The Graph: Year One and The Web3 Renaissance
A year after launch, The Graph Network has blossomed into a vibrant ecosystem collaborating on organizing data for web3. The next year looks even brighter.
It's been one year since the launch of The Graph Network and we’re so grateful to everyone who’s participated in making The Graph what it is today. For those of you who don’t know, The Graph is a protocol that organizes data on blockchains and makes that data easily accessible through open APIs called subgraphs that anyone can query. Crypto protocols are a new organizational structure that allow large numbers of people to coordinate anywhere in the world. You can think of them as internet-native institutions, because they use tools like cryptography to create foundational systems that people can trust. Work on The Graph is performed by an open network of participants, including: Indexers, who run the computers that serve data; Curators, who organize data; and Delegators, who add security to the network by staking their tokens. I’d like to take this opportunity to reflect on the momentous year we’ve just had and take a look toward the year ahead.
The Graph Network saw vibrant participation across stakeholder groups. There are now 160 Indexers, 7,400+ Delegators, and 2,200+ Curators live on the network. There’s 2.6B GRT staked on Indexers and 3M+ GRT signalled on 200+ subgraphs making The Graph one of the most used crypto protocols in the world. The community organizes through The Forum, Community Calls, and Core Devs Meetings where participants make their voices heard and contribute to the evolution of the protocol.
Protocols are proving to be much more effective ways of scaling human coordination than traditional corporations. Whereas companies use top-down planning and hiring based on specific job openings, protocols are self-organizing with open access and permissionless jobs. For example, The Graph now has five core development teams and over 100 additional contributors that have received grants from The Graph Foundation to improve the ecosystem. Additionally anyone can participate as an Indexer, Delegator, Curator, or Subgraph Developer, and are economically incentivized to do so. If you have GRT tokens and are not yet participating in the network, here’s a great guide to help you get started with delegation.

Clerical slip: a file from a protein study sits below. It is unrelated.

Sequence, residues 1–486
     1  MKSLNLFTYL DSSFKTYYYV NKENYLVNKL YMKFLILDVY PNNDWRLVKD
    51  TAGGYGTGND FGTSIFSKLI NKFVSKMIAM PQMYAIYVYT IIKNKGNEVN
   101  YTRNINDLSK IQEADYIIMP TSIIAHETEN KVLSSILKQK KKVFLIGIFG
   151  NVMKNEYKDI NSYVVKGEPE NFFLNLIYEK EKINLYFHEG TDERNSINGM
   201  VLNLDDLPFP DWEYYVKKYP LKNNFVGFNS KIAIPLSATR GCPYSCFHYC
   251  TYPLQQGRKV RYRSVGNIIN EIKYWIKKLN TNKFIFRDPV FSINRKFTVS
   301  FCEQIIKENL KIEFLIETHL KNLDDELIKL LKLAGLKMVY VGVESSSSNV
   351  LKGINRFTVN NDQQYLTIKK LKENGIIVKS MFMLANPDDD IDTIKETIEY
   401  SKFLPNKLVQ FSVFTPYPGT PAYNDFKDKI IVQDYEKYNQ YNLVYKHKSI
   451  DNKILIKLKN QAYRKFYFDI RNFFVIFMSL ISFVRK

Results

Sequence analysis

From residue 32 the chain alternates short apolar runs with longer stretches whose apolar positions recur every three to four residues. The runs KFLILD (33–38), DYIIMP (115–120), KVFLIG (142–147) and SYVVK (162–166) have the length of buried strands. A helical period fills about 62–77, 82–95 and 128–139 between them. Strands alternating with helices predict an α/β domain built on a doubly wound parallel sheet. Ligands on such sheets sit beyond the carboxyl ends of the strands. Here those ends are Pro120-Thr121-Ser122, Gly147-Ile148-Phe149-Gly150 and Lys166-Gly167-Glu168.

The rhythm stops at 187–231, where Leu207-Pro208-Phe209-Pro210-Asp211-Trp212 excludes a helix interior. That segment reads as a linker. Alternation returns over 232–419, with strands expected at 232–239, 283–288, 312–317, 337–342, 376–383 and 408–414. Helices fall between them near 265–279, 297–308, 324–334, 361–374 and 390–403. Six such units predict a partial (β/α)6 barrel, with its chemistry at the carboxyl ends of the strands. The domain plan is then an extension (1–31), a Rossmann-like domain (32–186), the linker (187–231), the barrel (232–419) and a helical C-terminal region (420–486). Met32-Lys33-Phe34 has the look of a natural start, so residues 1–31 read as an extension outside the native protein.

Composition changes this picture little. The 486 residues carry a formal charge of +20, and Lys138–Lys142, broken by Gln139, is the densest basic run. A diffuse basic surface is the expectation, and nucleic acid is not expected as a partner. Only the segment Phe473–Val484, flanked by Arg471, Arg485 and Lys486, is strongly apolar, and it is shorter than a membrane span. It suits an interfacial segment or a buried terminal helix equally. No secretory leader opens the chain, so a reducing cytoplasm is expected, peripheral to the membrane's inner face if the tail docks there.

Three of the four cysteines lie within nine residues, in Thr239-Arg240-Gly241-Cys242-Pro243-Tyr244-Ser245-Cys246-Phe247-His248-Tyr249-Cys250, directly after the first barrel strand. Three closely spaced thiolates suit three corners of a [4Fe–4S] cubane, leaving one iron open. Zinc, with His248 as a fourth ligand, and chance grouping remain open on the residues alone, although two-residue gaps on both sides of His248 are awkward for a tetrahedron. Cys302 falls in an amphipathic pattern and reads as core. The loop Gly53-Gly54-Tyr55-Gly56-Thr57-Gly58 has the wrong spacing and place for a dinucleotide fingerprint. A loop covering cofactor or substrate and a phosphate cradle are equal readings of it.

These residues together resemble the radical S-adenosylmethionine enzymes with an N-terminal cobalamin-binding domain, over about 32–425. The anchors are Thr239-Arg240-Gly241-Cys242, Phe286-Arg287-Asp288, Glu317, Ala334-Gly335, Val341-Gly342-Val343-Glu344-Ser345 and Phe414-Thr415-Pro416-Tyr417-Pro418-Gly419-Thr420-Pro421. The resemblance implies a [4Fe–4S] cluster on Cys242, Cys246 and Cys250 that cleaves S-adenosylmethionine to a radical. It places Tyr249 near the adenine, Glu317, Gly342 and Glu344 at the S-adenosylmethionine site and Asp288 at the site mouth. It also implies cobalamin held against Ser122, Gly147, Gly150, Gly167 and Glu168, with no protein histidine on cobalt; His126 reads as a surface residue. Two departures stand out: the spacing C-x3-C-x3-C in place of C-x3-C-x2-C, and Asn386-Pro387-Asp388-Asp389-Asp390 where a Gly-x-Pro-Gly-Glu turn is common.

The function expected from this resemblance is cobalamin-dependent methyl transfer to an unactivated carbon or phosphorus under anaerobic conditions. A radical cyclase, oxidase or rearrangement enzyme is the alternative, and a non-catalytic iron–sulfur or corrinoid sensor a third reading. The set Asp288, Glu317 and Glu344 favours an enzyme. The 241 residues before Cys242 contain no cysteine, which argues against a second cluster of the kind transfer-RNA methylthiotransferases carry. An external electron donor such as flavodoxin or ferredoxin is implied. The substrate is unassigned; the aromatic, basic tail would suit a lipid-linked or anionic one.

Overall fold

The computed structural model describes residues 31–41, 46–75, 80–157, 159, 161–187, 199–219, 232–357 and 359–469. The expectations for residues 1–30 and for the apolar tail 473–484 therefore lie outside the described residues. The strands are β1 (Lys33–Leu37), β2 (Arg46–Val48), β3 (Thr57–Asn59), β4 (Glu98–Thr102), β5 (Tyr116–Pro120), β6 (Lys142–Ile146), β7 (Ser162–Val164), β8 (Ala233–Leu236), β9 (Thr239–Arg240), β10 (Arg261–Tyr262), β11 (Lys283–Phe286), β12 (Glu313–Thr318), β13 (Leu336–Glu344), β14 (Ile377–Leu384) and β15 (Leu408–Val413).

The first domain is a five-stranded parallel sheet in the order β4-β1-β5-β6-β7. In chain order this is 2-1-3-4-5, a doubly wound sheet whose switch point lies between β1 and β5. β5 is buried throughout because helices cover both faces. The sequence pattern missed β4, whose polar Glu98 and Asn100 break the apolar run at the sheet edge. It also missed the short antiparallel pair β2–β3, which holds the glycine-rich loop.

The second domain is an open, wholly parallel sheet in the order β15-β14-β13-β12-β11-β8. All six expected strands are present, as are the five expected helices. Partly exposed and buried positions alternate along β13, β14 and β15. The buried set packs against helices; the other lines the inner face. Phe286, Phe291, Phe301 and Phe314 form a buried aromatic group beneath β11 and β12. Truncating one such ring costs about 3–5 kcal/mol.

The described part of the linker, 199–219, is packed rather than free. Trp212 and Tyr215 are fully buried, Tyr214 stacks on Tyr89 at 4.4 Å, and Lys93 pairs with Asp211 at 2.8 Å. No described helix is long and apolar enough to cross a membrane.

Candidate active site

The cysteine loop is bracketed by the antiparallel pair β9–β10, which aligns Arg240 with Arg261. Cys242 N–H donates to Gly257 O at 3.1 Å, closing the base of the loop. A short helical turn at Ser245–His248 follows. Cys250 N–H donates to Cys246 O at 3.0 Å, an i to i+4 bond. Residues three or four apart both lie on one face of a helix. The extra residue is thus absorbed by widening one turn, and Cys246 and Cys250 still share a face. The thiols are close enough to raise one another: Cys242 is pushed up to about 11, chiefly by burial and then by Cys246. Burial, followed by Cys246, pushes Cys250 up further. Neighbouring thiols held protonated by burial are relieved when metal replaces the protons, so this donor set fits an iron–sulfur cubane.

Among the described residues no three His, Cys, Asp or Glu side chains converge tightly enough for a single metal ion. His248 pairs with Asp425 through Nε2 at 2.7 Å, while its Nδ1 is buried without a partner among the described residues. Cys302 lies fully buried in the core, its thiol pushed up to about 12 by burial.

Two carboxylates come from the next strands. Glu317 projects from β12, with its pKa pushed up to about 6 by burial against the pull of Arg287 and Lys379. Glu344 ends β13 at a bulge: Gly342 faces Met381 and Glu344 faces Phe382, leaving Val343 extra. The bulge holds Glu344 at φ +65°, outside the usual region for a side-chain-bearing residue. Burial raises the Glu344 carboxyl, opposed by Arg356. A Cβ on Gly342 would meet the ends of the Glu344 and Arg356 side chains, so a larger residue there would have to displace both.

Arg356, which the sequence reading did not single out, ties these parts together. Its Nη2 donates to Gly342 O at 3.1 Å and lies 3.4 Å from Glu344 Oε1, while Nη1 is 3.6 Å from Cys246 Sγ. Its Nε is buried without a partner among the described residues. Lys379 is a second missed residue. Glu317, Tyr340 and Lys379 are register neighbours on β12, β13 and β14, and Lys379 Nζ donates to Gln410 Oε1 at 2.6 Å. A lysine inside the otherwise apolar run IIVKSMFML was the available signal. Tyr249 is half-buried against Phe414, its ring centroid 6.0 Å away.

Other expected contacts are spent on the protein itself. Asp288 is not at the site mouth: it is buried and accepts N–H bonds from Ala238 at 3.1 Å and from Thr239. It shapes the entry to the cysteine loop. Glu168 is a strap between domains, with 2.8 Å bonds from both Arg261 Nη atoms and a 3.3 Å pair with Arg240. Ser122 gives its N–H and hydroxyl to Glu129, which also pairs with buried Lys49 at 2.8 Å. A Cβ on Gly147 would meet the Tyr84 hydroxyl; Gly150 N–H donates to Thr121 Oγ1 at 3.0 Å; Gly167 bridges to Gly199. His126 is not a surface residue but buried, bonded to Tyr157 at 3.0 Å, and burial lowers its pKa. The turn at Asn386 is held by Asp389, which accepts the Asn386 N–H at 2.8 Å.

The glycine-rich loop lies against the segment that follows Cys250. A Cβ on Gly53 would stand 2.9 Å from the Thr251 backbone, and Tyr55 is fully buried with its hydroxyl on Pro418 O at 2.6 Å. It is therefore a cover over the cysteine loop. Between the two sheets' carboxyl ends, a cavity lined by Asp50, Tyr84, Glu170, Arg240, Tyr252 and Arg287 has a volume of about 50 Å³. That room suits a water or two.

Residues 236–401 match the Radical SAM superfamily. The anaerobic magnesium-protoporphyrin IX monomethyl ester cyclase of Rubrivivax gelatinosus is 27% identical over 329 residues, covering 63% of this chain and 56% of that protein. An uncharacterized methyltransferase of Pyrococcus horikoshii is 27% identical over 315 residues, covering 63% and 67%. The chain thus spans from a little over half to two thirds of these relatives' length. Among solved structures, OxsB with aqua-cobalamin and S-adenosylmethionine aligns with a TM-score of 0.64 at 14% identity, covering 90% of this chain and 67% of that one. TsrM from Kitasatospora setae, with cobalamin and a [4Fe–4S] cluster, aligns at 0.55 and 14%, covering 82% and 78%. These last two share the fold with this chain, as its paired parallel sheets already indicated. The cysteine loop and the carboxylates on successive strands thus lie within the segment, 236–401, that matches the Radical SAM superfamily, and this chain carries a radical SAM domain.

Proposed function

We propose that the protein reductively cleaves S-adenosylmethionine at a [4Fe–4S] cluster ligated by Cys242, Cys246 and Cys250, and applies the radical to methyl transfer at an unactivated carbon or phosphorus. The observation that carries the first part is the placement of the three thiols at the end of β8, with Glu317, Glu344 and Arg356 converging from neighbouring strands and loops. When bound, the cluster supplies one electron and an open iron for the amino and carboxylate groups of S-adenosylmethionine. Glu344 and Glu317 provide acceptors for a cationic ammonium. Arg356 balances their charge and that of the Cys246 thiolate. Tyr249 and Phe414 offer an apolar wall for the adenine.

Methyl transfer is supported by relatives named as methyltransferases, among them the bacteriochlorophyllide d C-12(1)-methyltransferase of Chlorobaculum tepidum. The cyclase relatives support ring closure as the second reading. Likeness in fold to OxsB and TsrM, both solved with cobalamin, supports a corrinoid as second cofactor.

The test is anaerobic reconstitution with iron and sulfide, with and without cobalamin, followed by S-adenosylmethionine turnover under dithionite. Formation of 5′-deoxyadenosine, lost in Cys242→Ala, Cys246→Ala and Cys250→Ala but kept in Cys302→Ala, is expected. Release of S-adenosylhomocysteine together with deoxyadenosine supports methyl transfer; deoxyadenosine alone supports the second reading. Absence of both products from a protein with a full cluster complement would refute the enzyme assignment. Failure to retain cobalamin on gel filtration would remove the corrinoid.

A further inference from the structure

It’s been truly remarkable to see the rapid explosion in mainstream awareness and understanding of the web3 vision. We’re in the midst of a renaissance as people are coming to appreciate how we can reorganize society on the internet and decentralize power, decision making, and resources to communities and individuals. Artists and creators are taking ownership of their work and distribution channels through NFTs. NFTs are digital collectables that can be traded like trading cards, creating new monetization opportunities for creators. DAOs are changing how people cooperate and organize using new governance tools and programmable money. They’re like online teams with crypto bank accounts where membership rules are enforced with digital contracts. People have become aware of the power that social media platforms have in controlling information flows and new web3 social dapps are being developed that will give users control over their feeds, social channels, and digital identities. We’re in the early stages of experimenting with this technology and the impact to society will be profound.